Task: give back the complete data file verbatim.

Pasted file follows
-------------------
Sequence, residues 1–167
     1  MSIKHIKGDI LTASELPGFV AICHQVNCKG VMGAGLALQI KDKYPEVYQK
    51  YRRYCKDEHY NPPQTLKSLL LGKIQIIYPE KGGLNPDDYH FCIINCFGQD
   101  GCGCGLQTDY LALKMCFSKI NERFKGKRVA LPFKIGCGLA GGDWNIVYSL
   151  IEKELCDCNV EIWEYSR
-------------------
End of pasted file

Sequence, residues 1–167
     1  MSIKHIKGDI LTASELPGFV AICHQVNCKG VMGAGLALQI KDKYPEVYQK
    51  YRRYCKDEHY NPPQTLKSLL LGKIQIIYPE KGGLNPDDYH FCIINCFGQD
   101  GCGCGLQTDY LALKMCFSKI NERFKGKRVA LPFKIGCGLA GGDWNIVYSL
   151  IEKELCDCNV EIWEYSR